Hey there, time traveller! This article was published 18/2/2015 (2354 days ago), so information in it may no longer be current.
A new immigrant-housing project plagued by delays will get some good news today -- it will be the site of the province's newest early childhood education hub.
Melanie Wight, minister of children and youth opportunities, is to announce the Immigrant and Refugee Community Organization of Manitoba (IRCOM) housing complex on Isabel Street will include a new family resource centre and a casual drop-in daycare to complement the full-time daycare centre already under construction.
The collection of services for immigrant parents will form the province's second early childhood development hub meant to help struggling children get ahead.
The province has been under pressure to invest more in early childhood education -- everything from Head Start programs to parenting courses to high-quality daycare. Wight said the hubs are meant to be one-stop shopping for parents and will be tailored to local neighbourhood needs.
The hub is good news for the IRCOM project, now more than a year late and troubled by a lawsuit that stalled the $14.7-million project.
The 60-unit housing complex was to be completed a year ago. But a dispute between the original general contractor and the Manitoba Housing and Renewal Corp. (MHRC) resulted in the termination of the contractor last summer when the project was two-thirds complete. The general contractor, M & L General Contracting Ltd., sued the province for more than $6 million shortly after it was locked out of the work site.
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Now, the province says the housing project, which will be managed by IRCOM, will likely be finished this fall.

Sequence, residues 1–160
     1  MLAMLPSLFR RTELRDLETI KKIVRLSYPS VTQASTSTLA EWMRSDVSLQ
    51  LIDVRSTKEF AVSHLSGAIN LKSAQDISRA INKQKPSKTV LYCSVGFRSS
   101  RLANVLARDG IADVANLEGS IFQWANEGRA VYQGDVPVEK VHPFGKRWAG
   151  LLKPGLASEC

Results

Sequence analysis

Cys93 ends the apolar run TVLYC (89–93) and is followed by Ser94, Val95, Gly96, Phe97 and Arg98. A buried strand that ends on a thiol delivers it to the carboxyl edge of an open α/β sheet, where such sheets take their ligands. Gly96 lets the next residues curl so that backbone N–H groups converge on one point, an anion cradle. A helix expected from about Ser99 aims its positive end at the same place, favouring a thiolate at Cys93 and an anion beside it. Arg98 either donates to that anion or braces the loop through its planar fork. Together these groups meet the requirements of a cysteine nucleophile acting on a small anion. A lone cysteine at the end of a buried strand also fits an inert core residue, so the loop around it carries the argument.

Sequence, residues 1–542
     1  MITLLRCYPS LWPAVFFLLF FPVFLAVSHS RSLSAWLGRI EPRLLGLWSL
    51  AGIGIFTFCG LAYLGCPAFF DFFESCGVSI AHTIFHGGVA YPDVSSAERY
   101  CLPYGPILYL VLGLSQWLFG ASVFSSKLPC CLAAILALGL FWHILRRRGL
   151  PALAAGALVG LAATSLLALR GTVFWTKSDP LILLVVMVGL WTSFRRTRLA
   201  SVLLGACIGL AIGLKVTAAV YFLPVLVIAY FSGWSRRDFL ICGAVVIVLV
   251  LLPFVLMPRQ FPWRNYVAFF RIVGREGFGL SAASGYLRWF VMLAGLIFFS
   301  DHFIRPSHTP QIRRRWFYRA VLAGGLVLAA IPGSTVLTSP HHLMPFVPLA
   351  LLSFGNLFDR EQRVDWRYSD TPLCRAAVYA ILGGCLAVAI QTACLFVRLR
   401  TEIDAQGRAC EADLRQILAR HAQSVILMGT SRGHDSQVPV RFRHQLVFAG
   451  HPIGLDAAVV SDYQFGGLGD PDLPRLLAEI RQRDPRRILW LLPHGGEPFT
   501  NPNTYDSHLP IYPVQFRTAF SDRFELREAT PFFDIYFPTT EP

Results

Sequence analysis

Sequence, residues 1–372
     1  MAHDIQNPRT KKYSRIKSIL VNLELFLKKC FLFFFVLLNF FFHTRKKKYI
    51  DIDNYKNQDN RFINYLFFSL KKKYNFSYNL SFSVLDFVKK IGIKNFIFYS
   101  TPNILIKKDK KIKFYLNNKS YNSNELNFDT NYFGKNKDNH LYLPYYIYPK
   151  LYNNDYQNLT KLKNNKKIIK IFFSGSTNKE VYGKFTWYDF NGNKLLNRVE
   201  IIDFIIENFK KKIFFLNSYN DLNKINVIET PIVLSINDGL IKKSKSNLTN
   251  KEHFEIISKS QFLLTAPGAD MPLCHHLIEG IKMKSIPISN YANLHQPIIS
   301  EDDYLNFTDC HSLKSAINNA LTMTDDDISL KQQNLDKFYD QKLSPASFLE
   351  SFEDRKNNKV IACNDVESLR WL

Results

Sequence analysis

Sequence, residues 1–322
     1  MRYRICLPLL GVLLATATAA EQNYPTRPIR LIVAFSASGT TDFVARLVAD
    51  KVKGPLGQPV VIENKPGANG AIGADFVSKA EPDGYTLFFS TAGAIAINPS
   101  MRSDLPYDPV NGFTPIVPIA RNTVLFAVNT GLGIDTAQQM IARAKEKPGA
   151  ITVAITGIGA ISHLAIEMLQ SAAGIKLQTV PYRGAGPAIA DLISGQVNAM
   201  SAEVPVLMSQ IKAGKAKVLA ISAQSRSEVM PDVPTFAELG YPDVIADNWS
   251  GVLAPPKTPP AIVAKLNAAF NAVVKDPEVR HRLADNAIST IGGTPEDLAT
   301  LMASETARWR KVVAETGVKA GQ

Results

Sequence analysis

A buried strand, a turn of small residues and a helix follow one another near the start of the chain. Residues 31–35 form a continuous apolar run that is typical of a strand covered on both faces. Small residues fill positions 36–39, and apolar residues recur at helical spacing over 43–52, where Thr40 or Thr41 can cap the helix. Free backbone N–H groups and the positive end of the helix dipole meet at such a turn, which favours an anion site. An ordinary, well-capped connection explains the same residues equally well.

It will include new and bigger space for the Freight House early learning and child-care centre now located across the street. And it will include casual drop-in daycare for parents who need occasional child-minding, while staff at the new family resource centre do outreach, offer parenting programs and help children connect with other services. The family resource centre will cost the province an additional $100,000 a year.
The hub will be the second one created by the province. The first is in Lord Selkirk Park, the Manitoba Housing complex in the William Whyte neighbourhood that's seen a renaissance in recent years. There, an innovative, parent-run daycare centre works with a family resource centre and an outreach worker who goes door-to-door building trust with parents.
Wight said the hub model, in which services are concentrated in one neighbourhood location, is the future of the province's early childhood education strategy.
"Personally, I want them all over the province," said Wight.
Ready for school?
ONE way to gauge the success of the province's early childhood programs is by measuring how ready to learn kids are when they enter kindergarten, which includes measuring their social skills, emotional maturity and language and thinking abilities. Kids in the inner city are much less ready, with low scores in one or more area. Here are the percentages of kids who aren't ready for school.
Point Douglas/North End -- 39%
Downtown -- 36%
Elmwood -- 34%
Inkster -- 30%
St. Vital -- 29%
Seven Oaks -- 29%
Assiniboine South (Charleswood, Tuxedo) -- 28%
River East -- 28%
River Heights -- 27%
Fort Garry -- 25%
Transcona -- 23%
St. James/Assiniboia -- 23%
St. Boniface -- 23%
-- Healthy Child Manitoba's early development instrument (EDI) reports